Next, installing acme.sh. The README recommends a pipe-to-shell “online” installation method, but it wouldn’t allow me to set the flags I wanted, and I’m no fan of piping source from the internet directly into my shell anyways. The next recommendation involves cloning the repo, but the Cloud Key doesn’t have git, and I would prefer to avoid installing it.

Instead, I ended up downloading a gzipped tarball from GitHub, effectively a poor man’s clone. With trap, it’s easy to ensure that your temporary working directory is cleaned up.

# Subshell to automatically pop cd and rm working dir
# Make a working dir
tmpdir=$(mktemp -d)
trap "rm -rf $tmpdir" EXIT
cd $tmpdir

# Get acme.sh
curl --silent \
    --location \
    'https://github.com/acmesh-official/acme.sh/archive/master.tar.gz' | \
    tar -xz

cd acme.sh-master

# Run installer
./acme.sh \
    --debug 3 \
    --install \
    --nocron \
    --noprofile \

I didn’t need to run acme.sh interactively, nor did I want its auto-generated cron entry, hence the corresponding flags. After this ran successfully, it populated ~/.acme.sh/ with a handful of files and directories, including the script itself at ~/.acme.sh/acme.sh.


acme.sh, like most ACME clients, accepts hooks which allow you to do things before or after certs are renewed. The easiest way to implement these hooks is more shell scripts, so the next thing my setup script does is write those hook scripts to disk. First is the prehook file:

# Create the prehook file
cat <<'EOF' >~/.acme.sh/prehook.bash

set -eux

mkdir -p ~/.acme.sh/backups
cd ~/.acme.sh/backups

tar -zcvf ~/.acme.sh/backups/tls-backup-$(date --iso-8601=seconds).tgz /etc/ssl/private/*

The prehook script runs before every attempt to renew a certificate. In this case, it zips up all the current TLS secrets and dumps them into a backup directory inside ~/.acme.sh. In case something goes catastrophically wrong, it means I at least have something to manually restore.

Next is the reload hook.

# Create the reload file
cat <<'EOF' >~/.acme.sh/reload.bash

set -eux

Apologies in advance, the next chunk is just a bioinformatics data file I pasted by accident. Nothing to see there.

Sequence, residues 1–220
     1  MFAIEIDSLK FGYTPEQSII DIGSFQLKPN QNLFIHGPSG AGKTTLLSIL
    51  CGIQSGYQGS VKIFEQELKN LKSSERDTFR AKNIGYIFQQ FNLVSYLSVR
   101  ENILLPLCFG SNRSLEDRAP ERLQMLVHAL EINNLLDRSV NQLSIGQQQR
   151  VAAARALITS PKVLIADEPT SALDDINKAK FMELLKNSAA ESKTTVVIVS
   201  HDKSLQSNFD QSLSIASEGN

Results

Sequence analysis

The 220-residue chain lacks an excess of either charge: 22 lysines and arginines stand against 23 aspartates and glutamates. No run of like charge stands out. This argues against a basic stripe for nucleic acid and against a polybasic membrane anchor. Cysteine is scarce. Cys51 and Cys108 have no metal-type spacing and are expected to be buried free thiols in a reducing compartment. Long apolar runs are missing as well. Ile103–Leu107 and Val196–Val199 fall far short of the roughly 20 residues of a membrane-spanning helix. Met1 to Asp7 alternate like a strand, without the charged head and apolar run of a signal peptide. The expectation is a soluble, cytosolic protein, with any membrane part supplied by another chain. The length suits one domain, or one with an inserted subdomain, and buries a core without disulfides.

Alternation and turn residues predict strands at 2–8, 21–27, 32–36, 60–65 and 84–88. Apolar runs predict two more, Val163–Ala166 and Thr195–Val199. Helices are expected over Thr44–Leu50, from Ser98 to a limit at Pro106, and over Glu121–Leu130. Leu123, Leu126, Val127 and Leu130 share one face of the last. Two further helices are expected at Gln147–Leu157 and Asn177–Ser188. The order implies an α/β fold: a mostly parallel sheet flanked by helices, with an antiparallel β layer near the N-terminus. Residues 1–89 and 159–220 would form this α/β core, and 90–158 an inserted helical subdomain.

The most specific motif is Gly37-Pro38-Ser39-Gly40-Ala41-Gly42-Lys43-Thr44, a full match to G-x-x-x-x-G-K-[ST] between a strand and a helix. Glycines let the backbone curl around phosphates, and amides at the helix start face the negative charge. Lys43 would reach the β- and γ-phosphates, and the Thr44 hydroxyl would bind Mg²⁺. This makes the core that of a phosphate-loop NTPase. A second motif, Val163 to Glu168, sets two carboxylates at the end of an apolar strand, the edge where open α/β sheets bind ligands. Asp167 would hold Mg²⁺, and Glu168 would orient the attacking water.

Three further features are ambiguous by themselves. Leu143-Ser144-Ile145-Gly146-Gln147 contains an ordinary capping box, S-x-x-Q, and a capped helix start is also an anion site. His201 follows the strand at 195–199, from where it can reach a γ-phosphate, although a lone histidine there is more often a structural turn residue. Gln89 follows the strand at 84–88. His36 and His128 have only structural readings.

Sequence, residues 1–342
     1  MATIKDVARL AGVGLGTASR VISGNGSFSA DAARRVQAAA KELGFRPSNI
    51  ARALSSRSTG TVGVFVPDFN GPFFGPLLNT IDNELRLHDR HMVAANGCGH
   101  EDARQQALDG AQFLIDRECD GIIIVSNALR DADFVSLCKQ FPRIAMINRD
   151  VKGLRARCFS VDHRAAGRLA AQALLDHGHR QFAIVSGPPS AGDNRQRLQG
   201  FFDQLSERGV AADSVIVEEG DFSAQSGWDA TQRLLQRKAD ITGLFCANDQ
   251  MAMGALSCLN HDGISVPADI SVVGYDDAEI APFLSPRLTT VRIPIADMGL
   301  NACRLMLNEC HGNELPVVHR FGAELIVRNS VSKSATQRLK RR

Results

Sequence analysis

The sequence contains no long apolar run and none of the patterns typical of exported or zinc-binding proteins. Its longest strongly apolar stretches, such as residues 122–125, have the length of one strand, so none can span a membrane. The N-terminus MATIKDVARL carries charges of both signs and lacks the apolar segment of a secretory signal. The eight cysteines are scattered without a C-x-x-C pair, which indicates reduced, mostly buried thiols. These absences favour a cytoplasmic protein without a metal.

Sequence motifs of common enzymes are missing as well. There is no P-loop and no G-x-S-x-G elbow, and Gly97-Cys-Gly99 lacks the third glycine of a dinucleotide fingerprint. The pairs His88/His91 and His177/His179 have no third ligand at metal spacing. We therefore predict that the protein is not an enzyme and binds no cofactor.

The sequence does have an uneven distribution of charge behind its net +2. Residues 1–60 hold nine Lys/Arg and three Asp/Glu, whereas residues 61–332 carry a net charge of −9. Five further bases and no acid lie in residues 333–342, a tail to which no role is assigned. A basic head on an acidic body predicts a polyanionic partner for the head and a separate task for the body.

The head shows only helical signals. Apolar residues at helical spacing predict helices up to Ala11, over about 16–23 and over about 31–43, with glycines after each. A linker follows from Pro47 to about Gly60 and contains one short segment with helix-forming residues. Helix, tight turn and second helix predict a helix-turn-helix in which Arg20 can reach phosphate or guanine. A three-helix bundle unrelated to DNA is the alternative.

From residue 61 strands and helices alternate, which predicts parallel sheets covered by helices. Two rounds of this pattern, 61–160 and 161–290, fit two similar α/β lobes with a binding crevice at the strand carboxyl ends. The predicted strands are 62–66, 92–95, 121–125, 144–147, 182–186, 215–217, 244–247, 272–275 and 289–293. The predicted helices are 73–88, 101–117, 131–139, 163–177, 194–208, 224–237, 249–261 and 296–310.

cd /etc/ssl/private

trap 'rm -f /etc/ssl/private/cloudkey.p12' EXIT

CERT_PFX_PATH=/etc/ssl/private/cloudkey.p12 ~/.acme.sh/acme.sh \
    --to-pkcs12 \
    --domain unifi.ravron.com \
    --password aircontrolenterprise

# keytool's src alias is the name of the entry, or just its index, starting at
# 1, if not present. acme.sh's --to-pkcs12 doesn't know how to set the name, so
# we have to use the index instead.
keytool -importkeystore \
    -deststorepass aircontrolenterprise \
    -destkeypass aircontrolenterprise \
    -destkeystore unifi.keystore.jks \
    -srckeystore cloudkey.p12 \
    -srcstoretype PKCS12 \
    -srcstorepass aircontrolenterprise \
    -srcalias 1 \
    -destalias unifi \

md5sum unifi.keystore.jks > unifi.keystore.jks.md5

chown root:ssl-cert cloudkey.crt cloudkey.key unifi.keystore.jks.md5
chown unifi:ssl-cert unifi.keystore.jks

chmod 640 cloudkey.crt cloudkey.key unifi.keystore.jks unifi.keystore.jks.md5

# Test nginx config, then reload
/usr/sbin/nginx -t
service nginx reload

# unifi and unifi-protect don't obey reload, so we have to restart them
# entirely. Surprise, surprise.
service unifi restart

# If this system has unifi-protect, restart it too
systemctl is-active --quiet unifi-protect.service && service unifi-protect restart

# If there are more than five backups, delete all but the most recent 5. Do this
# in the reload hook so that we don't delete backups on failed renewals.
rm -f $(ls -1 tls-backup-*.tgz | head -n -5)

This one’s a lot more complicated. The reload hook runs after all certs have been renewed, if the renewal was successful. It’s intended to restart the services that need to pick up the new configuration. In this case, it also does a bit of custom key munging to get the new certificate chain and private key into the Java keystore format that the controller, and UniFi Protect, need. It’s similar to many other scripts intended to update the controller’s keystore, but it also is careful to fix permissions, update the checksum file, and restart the relevant services as efficiently as possible. The final command cleans up all but the most recent five backup files. I do this here, rather than in the prehook, to ensure that no backups are removed until the renewal has finished successfully.

Issuing the certificate